Wednesday, February 09, 2011

an emerging identity

I feel a rant coming on, but I'm trying hard to channel the energy behind it toward something more constructive. It's one thing to be incensed about political agendas, it's another to speak up and be heard. Toward that end, I'm contemplating a letter to the editor in response to two editorials in yesterday's paper. 

There's a bill working its way through our local state government that would change the state constitution. The bill reads: “Nothing in this Constitution secures or protects a right to abortion or requires the funding of an abortion. The people retain the right through their elected state representatives and state senators to enact, amend, or repeal statutes regarding abortion, including, but not limited to, circumstances of pregnancy resulting from rape or incest or when necessary to save the life of the mother.”

The first editorial was written by the state director of Planned Parenthood. The second by a woman affiliated with the state right to life group.  Although I suspected my view would  be in alignment with the Planned Parenthood voice, after reading the piece I reserved judgment to see how the opposing view would argue its case.

As I read I thought to myself, "are they talking about the same legislation?" And I wondered, again, how it is that perspectives fall so far from each other on the continuum of opinion.  That's when I went to the language of the law itself.

The legislation essentially impeaches existing laws that protect a woman's right to address her pregnancy as she determines, and opens the door to prohibition.  We've heard the rhetoric from the right on the national stage: rape victims should no longer be called victims but accusers; insurance plans that cover abortion would no longer be tax deductible, in spite of the fact that the vast majority of policy holders would not be utilizing that "benefit" of the plan. The code behind this piece of law is clear: we're on our way to outlawing abortion.  The pro-life voice had the audacity to claim that this legislation would make the constitution "abortion neutral."  Right. Just like removing safety locks from all guns protects children. 

My hesitancy in putting the proverbial pen to paper stems from not feeling confident about the voice I want to have heard. Having an opinion isn't sufficient cause to write. I feel the need to be persuasive. Should I? It's been a long time since I've written such a letter, though I have composed many in my head.  I wish I wasn't so easily held back. 

It may have something to do with recognizing that as I get older I become increasingly more of an activist. Or, more accurately, an advocate. The other week I preached the directive received from the prophet Micah (6:8) that the first thing God desires is our appetite for justice.  Then, sprinkle that with compassion.  In other words, consider and tend to the world around us as a context for tending to our own needs.  Then, as we walk humbly with God our desire is to do the very thing that God requires.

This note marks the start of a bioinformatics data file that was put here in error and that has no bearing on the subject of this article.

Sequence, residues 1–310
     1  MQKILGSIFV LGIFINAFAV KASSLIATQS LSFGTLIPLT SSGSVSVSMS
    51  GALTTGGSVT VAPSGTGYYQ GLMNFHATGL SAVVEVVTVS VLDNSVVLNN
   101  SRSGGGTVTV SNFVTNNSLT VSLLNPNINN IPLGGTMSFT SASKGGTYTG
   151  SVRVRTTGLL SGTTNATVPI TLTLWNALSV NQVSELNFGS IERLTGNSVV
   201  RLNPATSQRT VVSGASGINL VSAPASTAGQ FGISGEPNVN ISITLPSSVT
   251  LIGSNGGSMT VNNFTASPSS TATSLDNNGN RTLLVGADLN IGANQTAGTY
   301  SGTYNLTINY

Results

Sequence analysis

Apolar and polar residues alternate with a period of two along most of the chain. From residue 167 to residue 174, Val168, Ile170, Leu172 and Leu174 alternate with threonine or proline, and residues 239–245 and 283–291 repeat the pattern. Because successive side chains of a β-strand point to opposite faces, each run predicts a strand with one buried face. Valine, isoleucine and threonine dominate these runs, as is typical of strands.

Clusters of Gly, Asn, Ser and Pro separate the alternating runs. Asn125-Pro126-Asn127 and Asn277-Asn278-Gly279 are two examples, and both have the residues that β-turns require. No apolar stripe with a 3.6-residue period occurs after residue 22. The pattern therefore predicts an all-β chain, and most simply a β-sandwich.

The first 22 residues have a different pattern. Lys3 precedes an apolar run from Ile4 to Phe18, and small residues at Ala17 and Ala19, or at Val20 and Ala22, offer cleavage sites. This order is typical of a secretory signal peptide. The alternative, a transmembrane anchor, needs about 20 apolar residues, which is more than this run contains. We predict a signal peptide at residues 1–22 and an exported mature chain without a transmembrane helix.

The best way to become a good advocate is to practice. I guess it's time to take that step, and edge my way toward confidence.

5 comments:

Kip said...

The tea party constituents and ultra conservative born agains are all behind this movement. It is imperative that we make our voices heard above them.

The Bug said...

Write the letter. My dad writes letters to the editor - a few each year. And sometimes they're published! My favorite was the one about how he didn't understand how people could be such sheep (sheep!) as to vote for things that harmed them. He was talking about the Republican party & the effect its polices had had on jobs in NC. He's not a religious man & really can't understand why people vote for one issue (abortion) to the exclusion of the rest of their own wellbeing.

So go for it!

Carolina Linthead said...

Agreed...write the letter!

Terri said...

I understand the hesitancy in writing this - being pro-choice is a tough place to stand as an ordained person...although I disdain the "pro-choice" and "pro-life" titles. Because pro-choicer's are also pro-life, we just figure the woman has a say in the whole discussion...I think I have laid out my "argument" in comments already, about the need to keep abortion legal because it's the only way to ensure justice and not discriminate between the wealthy and the poor (the wealthy will always be able to find a safe way to have an abortion, while the poor will not) - and then work to elimiate the reason a woman might choose to have one - by working toward encouraging men to respect women and be pro-active in the birth control.

ALL of this other rhetoric, disguised as legistlation, is not about pro-life or they'd be more considerate of the life that is already born - the woman.

Jayne said...

I'd say, write it out, re-read it the next day, and if you still feel as passionate and feel it perfectly outlines your points and how you feel, send it on! :c)

There was an error in this gadget

LinkWithin

Related Posts with Thumbnails